Professor maintains her demotion was violation of academic freedom protections in contract
A Canadian anthropologist who says she was dismissed from an administrative position for her views on sex and gender is appealing to get her post back.
“[My union’s] position has been — and in my view, should continue to be — that in removing me from a service position, the University in fact violated the academic freedom protections in my faculty contract,” University of Alberta anthropology Professor Kathleen Lowrey told The College Fix in a recent email.
In May, Lowrey lost her arbitration case against the university for its removal of her as associate chair.
She is pursuing an appeal despite her union’s declining to participate. The hearing will be held via Zoom on July 13.
“Lowrey boils her views on feminism down to a few key ideas: men cannot get pregnant, lesbians don’t have penises and that biological sex is real,” according to a June 2020 profile in The National Post. Some students said her endorsement of these ideas made them feel “unsafe.”
In her email to The Fix, Lowrey confirmed she will continue teaching for the university and plans to contest her union’s refusal to participate in her appeal at the upcoming hearing.
“My own sense is that if you read the arbitrator’s decision, it hands the union a win in the first section that they don’t want to put at risk by appealing, and they don’t see the threats to academic freedom in the second section that are clear to me,” she said.
Lowrey provided The Fix with a Powerpoint draft that outlined concerns she will address in the appeal. The presentation focused on three points: “This decision is a license to kill, it is based in error, and AASUA [her union] has a duty to fight.”
Lowery was dismissed from her university administrative post in spring 2020.
“Your appointment to the position of Associate Chair…will conclude effective July 1, 2020,” Lesley Cormack, dean of the University of Alberta Faculty of the Arts, wrote in an email to Lowery she shared with Edmonton Journal.
“You are unfortunately not able to be as effective in your role as the Department and Faculty require, and it is not in the best interests of the students or the University for you to carry on,” the letter continued.
However, “in a series of meetings [at the university] held during the spring, Lowery says she was pressured to resign from that role for what she believes are her views on gender, and when she refused to do so, she was relieved of the position,” National Post reported.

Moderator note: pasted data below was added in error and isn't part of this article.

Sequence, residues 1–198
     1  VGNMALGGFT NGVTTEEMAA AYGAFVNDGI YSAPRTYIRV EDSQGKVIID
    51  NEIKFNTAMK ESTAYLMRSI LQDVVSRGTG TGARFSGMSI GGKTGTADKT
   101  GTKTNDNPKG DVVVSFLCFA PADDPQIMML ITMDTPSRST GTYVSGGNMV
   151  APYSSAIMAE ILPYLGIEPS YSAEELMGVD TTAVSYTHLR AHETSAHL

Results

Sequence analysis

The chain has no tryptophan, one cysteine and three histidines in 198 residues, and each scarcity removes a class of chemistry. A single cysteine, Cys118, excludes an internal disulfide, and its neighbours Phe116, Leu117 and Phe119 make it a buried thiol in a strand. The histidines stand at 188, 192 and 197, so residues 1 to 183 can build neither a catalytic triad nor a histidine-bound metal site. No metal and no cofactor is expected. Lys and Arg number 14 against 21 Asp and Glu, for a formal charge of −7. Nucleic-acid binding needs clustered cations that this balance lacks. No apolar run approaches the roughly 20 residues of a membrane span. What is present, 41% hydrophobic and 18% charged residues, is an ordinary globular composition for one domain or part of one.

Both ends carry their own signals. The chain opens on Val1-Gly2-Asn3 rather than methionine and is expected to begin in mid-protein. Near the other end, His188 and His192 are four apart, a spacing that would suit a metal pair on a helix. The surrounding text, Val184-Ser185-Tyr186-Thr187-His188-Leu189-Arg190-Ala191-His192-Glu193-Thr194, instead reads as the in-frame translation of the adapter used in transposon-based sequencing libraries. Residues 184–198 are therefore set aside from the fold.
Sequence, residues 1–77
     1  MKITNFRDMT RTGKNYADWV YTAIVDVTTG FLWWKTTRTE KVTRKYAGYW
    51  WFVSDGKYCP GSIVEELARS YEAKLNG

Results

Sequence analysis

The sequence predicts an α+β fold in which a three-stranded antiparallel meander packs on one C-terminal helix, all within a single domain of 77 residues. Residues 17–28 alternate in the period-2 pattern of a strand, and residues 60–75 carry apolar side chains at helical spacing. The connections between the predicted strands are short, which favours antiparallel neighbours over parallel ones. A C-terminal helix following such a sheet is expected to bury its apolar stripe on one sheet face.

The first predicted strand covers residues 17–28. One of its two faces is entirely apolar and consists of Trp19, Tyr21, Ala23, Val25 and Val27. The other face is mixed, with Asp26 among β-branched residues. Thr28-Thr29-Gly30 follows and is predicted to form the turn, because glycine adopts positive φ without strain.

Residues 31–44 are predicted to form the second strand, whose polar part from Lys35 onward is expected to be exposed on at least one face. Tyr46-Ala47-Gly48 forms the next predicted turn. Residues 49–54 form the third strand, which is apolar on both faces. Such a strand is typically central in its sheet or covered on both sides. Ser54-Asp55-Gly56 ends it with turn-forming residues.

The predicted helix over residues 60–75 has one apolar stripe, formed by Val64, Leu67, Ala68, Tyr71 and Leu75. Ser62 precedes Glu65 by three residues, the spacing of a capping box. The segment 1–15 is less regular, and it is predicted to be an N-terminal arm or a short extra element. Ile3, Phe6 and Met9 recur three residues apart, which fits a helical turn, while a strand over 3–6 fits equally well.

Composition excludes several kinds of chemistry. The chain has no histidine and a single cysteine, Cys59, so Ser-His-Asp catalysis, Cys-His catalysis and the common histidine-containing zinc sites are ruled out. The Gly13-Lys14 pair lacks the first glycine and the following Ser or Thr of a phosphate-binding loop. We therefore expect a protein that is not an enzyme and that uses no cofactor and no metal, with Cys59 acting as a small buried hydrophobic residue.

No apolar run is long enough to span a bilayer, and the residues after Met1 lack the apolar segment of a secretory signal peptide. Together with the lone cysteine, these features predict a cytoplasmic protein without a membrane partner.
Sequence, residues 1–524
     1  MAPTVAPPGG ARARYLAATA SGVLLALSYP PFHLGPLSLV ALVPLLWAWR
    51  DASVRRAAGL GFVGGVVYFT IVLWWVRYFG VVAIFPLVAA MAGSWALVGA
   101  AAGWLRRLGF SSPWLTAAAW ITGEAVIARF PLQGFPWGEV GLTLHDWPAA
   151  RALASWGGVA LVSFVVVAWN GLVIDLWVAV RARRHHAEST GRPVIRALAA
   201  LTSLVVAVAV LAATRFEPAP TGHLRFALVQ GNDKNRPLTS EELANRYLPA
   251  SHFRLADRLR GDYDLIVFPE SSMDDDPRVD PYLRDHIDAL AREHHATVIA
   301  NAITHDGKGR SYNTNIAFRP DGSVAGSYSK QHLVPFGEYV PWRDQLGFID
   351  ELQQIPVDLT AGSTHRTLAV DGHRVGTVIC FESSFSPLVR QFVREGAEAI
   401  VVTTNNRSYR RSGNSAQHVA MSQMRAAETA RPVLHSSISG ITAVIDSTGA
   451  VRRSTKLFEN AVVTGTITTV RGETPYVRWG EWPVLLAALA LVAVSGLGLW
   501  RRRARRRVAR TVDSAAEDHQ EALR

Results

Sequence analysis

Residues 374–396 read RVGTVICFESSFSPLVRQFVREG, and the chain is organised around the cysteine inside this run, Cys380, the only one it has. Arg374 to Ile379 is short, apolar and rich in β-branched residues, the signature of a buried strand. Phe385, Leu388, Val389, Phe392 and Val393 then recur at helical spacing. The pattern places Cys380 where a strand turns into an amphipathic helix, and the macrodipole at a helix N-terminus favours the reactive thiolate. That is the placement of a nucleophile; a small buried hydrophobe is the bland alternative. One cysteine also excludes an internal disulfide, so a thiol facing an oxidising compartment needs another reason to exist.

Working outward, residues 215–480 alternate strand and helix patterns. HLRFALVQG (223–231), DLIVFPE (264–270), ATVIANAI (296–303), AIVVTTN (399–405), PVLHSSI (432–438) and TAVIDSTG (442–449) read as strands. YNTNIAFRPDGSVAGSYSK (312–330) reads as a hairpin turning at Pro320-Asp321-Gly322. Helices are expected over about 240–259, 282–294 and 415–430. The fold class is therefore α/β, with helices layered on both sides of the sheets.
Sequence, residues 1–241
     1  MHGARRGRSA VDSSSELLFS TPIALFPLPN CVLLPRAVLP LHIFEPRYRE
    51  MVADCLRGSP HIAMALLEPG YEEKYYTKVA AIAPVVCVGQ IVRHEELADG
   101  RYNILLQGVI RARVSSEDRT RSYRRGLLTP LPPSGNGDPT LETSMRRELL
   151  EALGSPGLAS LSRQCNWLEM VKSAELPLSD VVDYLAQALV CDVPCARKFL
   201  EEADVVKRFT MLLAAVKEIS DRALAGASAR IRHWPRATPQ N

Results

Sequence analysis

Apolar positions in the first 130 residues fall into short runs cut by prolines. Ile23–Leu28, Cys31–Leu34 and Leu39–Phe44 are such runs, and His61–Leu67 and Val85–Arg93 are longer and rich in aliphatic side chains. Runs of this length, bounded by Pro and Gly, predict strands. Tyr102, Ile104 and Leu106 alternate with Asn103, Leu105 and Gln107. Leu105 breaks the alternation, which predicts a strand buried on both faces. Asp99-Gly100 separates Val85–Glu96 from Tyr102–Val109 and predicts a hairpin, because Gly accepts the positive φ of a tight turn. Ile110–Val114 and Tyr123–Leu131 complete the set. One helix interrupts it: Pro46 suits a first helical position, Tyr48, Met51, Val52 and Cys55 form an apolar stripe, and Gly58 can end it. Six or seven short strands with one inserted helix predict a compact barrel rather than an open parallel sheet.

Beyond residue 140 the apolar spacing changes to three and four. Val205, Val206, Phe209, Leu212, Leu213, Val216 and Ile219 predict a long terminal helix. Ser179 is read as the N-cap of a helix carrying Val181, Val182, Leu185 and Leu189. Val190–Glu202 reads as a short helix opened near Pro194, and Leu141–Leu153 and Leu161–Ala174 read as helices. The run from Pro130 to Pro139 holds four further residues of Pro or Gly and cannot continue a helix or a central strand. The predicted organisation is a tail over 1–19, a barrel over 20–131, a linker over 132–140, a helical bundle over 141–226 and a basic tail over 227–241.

“All Professor Lowrey has been told is that she is somehow making the learning environment ‘unsafe’ for these students because she is a feminist who holds ‘gender critical’ views,” the Centre for Free Expression, a Canada free speech nonprofit, reported at the time.
No formal complaint was made against Lowery in 2020, The Fix reported that year.
According to the Centre for Free Expression, the request for Lowrey’s resignation was based on “one or more students [going] to the University’s Office of Safe Disclosure and Human Rights and the Dean of Students, André Costopolous” to voice their misgivings.
Lowrey also refused to put her pronouns in her university bio, instead providing a link in its place to an article by J. Stein titled, “Should you declare your pronouns?”
Lowrey also published a post in February of this year in response to an invite to a virtual talk on pronoun usage. The University of Alberta sent her the invitation, and her response to it in the blog, published by GenderDissent, analyzes the language used to look down on those who do not adhere to the pronoun discussion.
Lowrey wants to set a precedent for professors facing similar backlash for unpopular views
“My employment status with the University is not in jeopardy,” Lowrey told The Fix in her email. “The position from which I was dismissed was part of my ‘academic service.’”
“I remain a tenured associate professor at the U of Alberta,” she continued.
“My job has three dimensions: teaching, research, and service. I am contractually obligated to carry out duties in all three categories, and my work in all three categories is protected by academic freedom (this is in my employment contract).”
“The University’s position has been that since I am still free to do ‘teaching and research’ on gender issues, my academic freedom has not been interfered with,” she wrote.
Lowrey told The Fix why she fights.
“Academic freedom is not ‘best out of 3’: it applies to all three domains, all the time,” she said.
“The arbitrator’s decision has simply misunderstood this, and it is the responsibility of my union to clarify this point — not just for me, but because this decision will be drawn upon in future arbitrations in the post-secondary sector.”
IMAGE: University of Alberta